I love his eyes
The haunted look in them
One broken dream
Through the silence it screams
Silence shriller than any war cry
This man fiercer than any warrior
Anguish running wild in his very nerve
The darkness in his midnight eyes
Naked defeat lingering in them
His gaze arrests mine
The reality so real, bare and stark
The battle is lost
But he continues to fight
Monday, March 26, 2007
I love his eyes
Tuesday, March 20, 2007
I had to bear with a long drive across the Mumbai city twice everyday. In the morning, I sometimes wished it could be a little longer and I could never reach office. The drive back home used to be different; I used to conjure up the images of my son smiling at me. In the evenings I wished there were no traffic signals between me and my happy family.
Today as I left office my thoughts were all a tangle, like the disobedient mesh of wires. I could see my son’s toothless smile, but my ears were listening to one of my particularly vociferous colleague’s shrill voice. Absentmindedly I drove across few lanes...
Few days back, on a late evening I locked myself inside the small space of my car. After the day spent with people asking for instructions it was a nice relief to retire in my own personal space. Enveloped in the cold, my mind was lazily grazing through a range of thoughts. My fingers were lightly tapping to the Jagit Singh number. Some lanes more to go and I would reach home, I thought. I was passing through a busy lane, this one being peddlers’ favourite lane to sell cheap Chinese products, veggies, clothes, fruits etc.
Elite households must have been empty at that hour, as they were on this street buying veggies and blocking my way. My fingers were still tapping on the steering wheel when I saw a guy pointing a finger at me. He was screaming something. Though I couldn’t hear him, his unheard scream could tell me that something had happened to my car. Or maybe he was looking past me at something else I told myself as I drove on. Now another guy was waving at me, signalling something. I kept moving. My car managed to move a few feet before the third guy came and almost blocked my way. It was high time I got of the car to see why these gentlemen were taking keen interest in me or to be more specific, in my car.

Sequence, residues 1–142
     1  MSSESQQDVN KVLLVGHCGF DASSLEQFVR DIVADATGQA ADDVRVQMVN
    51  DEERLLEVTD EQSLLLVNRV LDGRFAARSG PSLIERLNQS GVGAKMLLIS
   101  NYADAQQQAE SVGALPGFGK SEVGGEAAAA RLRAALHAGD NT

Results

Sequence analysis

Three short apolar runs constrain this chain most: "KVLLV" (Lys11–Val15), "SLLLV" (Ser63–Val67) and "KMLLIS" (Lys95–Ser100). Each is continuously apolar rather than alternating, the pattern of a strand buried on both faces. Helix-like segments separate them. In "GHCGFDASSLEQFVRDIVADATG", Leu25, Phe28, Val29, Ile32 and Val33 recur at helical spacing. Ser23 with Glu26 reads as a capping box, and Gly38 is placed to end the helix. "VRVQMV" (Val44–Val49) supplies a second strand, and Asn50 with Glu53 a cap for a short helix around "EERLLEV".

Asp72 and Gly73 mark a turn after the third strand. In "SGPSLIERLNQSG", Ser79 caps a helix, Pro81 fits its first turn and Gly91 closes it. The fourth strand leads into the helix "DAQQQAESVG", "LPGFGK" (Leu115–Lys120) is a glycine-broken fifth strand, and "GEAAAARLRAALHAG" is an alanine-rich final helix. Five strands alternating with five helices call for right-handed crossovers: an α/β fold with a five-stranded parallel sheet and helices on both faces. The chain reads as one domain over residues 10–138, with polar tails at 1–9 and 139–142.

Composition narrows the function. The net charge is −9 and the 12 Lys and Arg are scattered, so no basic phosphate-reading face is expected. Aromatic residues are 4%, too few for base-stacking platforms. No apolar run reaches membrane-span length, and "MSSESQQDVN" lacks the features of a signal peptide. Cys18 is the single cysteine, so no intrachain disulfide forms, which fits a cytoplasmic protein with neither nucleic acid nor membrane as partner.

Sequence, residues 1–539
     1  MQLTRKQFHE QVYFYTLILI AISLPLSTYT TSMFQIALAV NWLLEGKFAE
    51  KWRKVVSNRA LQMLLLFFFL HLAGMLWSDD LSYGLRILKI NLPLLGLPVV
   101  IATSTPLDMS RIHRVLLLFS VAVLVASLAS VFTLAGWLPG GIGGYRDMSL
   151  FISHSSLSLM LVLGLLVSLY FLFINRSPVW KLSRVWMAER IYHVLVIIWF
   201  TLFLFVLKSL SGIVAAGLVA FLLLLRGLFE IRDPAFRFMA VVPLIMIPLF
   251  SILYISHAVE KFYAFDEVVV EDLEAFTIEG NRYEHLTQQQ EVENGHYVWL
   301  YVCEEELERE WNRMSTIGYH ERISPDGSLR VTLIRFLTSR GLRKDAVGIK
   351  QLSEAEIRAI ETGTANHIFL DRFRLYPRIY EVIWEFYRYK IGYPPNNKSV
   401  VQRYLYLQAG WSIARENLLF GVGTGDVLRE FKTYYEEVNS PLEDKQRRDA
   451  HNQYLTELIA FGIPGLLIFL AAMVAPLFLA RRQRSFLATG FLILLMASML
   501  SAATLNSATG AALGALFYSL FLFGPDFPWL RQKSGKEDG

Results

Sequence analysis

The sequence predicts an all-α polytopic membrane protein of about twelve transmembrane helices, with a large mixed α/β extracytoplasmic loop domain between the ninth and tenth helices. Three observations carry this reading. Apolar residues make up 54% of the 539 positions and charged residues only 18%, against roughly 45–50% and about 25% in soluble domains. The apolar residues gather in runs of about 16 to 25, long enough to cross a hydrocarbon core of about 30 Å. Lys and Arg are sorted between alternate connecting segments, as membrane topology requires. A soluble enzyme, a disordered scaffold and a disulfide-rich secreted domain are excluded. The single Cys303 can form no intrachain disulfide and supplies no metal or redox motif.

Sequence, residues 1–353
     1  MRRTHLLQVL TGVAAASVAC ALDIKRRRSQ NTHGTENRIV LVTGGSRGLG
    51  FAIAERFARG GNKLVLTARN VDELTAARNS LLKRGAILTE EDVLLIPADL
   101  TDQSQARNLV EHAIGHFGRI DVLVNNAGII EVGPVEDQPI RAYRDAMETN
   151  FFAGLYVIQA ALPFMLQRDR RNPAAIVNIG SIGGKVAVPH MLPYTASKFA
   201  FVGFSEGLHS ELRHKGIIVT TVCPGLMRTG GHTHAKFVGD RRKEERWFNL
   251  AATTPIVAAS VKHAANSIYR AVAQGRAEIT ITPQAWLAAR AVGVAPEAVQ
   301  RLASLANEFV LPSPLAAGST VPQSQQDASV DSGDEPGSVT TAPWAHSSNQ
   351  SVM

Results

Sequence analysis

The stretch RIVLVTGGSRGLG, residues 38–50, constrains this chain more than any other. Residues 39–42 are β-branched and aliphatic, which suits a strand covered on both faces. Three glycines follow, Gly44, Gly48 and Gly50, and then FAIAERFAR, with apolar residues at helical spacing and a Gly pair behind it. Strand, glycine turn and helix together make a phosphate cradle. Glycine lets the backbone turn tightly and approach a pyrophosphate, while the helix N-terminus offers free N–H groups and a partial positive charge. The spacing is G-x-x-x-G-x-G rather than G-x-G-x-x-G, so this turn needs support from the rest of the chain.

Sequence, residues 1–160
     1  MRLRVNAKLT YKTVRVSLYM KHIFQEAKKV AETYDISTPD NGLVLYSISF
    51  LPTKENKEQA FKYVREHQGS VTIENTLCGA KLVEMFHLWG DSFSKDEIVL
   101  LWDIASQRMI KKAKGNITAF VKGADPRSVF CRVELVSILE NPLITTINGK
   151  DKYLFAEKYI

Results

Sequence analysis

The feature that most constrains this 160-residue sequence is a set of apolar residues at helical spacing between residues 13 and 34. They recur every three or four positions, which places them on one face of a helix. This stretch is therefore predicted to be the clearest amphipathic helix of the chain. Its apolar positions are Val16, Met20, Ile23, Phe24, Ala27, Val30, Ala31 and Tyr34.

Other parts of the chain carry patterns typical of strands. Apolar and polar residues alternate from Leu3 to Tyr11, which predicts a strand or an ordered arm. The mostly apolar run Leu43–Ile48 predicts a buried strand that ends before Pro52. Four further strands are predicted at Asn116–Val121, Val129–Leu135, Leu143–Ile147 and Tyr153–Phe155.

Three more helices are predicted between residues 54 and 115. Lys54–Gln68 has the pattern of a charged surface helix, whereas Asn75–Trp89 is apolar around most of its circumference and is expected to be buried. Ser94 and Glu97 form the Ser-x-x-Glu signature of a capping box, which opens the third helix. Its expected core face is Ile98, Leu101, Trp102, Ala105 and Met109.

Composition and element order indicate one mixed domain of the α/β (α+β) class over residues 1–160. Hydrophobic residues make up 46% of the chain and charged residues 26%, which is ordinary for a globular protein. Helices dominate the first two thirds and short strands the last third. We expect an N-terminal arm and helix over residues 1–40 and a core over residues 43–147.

When I so wanted to reach home early and take my wife out, these gentlemen had other plans for me. The first word to fall on my ears after getting out of the car was FIRE. The honking impatient horns were unable to comprehend why my car stood there like a tomb in their way. One of the 3 guys, a lanky man in his 30s was trying to help me make sense of it all. He said he was trying to call out to me, stop me as he saw fire on the bonnet of my car. The other two just nodded or spoke in monosyllables.
I followed him to the front side of my car; he was explaining how he had seen sparks flying from my car’s front. In the midst of this crowded Mumbai Street I stood with my black car. My mind is programmed to resolve any situation quickly. As a manager I hate roadblocks of any kind. It irritates me to stand helplessly and let any situation loom larger over me. I quickly opened my car’s bonnet to check the damage. Then I noticed that one of the other 2 guys had a spanner in his hand. He moved swiftly to my side and requested me to move aside. I more than willingly moved, as I did not want to dirty my hands. My wife wouldn’t allow me to touch our son with those blackened fingers. It would take a few minutes to clean them.. and I hated the idea of not being able to touch my son sooner.